The left alone banks from the exercise are- Bank of India, Central Bank of India, Bank of Maharashtra, UCO Bank, Indian Overseas Bank and Punjab & Sind Bank. These banks are not in the pinkest of health and require government intervention to thrive. The presence of a large number of private banks, consolidated PSBs and Small Finance Banks (SFBs), have rendered these mid-sized PSBs even more miserable.

Why PSU Bank privatisation?

With privatisation, the government can raise capital which will help with addressing bad loans and NPA issue. Further, it is crucial to enhance the financial performance of such banks as the private sector is generally considered more efficient. With a stake sale, government’s liabilities with the funds can also be decreased. In general, the privatisation drive also sits well with the government’s agenda of minimum government and maximum governance rendering the role of government to a watchdog.

Finance infusion in these banks currently does not appear fruitful and is likely that any such invested capital will also go down in the drain. Privatisation, on the other hand, appears, at least for the time being, a better solution to the PSB problem. In the budget for FY22 presented on February 1, 2021, FM Sitharaman had said that the government will privatise two public sector banks and one general insurer. Meanwhile, IDBI Bank’s privatisation process is already underway.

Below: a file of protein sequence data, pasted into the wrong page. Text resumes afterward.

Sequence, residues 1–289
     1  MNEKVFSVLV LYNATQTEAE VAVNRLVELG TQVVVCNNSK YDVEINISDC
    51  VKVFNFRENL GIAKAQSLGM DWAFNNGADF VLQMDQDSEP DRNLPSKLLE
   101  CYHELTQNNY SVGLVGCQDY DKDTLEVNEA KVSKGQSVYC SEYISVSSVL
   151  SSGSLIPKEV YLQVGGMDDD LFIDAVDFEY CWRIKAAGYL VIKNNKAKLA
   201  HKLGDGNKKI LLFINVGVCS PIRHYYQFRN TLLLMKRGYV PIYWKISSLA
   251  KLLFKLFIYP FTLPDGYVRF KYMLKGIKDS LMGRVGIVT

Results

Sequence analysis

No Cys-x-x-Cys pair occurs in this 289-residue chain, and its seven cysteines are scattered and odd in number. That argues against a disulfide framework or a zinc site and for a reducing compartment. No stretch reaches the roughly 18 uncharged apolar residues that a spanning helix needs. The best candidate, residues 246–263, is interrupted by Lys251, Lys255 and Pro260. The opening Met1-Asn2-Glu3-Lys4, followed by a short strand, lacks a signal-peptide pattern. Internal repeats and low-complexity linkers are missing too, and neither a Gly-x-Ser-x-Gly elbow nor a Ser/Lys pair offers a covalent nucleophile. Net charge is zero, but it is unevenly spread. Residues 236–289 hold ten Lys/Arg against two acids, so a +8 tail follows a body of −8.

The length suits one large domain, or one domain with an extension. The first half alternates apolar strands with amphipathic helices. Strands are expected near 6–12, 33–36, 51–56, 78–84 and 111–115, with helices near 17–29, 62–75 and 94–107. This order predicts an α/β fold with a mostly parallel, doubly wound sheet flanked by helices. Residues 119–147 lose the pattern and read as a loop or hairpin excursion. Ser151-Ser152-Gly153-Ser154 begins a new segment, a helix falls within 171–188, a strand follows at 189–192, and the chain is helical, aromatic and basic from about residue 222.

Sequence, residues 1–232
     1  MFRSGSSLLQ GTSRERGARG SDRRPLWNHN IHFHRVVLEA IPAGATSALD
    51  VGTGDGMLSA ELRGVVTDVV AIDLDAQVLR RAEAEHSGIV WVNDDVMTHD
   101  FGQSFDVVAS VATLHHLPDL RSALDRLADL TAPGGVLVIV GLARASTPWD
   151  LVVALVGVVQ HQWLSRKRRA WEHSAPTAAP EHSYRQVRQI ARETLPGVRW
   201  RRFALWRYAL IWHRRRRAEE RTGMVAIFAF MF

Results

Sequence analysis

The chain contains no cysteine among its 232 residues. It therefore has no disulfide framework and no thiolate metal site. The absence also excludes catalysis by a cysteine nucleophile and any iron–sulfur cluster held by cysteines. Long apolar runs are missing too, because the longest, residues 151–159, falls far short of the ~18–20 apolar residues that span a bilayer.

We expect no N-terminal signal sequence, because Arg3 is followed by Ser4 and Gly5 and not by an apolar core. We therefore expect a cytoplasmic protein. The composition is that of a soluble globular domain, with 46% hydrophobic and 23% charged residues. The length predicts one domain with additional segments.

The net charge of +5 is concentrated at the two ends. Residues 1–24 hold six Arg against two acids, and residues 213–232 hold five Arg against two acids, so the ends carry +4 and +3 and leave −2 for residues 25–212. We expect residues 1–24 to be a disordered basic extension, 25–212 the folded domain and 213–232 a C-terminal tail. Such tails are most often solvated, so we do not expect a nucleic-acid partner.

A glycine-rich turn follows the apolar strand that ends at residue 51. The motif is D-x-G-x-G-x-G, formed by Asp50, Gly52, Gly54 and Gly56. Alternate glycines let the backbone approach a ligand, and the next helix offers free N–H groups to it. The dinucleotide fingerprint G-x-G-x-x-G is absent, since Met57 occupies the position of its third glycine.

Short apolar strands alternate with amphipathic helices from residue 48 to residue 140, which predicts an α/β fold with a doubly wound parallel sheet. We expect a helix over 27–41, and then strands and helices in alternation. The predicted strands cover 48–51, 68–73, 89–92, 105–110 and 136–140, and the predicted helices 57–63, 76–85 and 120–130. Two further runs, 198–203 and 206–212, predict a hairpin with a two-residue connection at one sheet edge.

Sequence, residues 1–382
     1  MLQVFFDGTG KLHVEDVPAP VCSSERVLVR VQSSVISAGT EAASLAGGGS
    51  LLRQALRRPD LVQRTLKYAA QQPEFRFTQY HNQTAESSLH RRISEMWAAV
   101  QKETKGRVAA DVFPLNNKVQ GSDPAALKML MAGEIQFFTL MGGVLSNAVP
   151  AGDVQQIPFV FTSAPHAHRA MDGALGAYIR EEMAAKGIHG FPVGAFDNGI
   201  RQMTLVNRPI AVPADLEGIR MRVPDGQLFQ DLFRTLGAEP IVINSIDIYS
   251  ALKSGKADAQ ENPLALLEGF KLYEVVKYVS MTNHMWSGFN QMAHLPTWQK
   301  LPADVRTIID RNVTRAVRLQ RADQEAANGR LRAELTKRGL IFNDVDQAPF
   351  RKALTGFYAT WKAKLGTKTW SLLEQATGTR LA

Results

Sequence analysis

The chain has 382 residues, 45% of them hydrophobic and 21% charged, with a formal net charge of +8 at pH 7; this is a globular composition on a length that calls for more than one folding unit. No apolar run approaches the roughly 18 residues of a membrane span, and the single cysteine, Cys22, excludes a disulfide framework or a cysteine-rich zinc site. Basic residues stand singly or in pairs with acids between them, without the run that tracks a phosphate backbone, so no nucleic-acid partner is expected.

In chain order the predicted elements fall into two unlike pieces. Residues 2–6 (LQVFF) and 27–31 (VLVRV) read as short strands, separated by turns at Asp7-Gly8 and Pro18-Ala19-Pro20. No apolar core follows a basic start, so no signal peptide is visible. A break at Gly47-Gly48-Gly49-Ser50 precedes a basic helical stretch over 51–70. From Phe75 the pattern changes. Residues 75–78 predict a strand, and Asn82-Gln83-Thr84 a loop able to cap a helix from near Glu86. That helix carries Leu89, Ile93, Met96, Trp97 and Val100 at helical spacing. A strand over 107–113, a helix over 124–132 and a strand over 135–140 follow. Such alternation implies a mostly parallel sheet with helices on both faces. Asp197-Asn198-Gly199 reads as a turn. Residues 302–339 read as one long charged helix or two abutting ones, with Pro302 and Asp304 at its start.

Banking forms the base of economic wellbeing and it becomes pertinent that the sector is helped to remain strong. In India, PSBs have been in the forefront of mobilising resources from far flung rural areas as well as extending banking services in the remotest parts of the country, hence making them relevant to the banking ecosystem.

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Prachi Gupta is an Assistant Editor with Policy Circle. She is a post graduate in English Literature from Lady Shri Ram College For Women, Delhi University. Prachi started her career as a correspondent with She specialises in policy impact studies.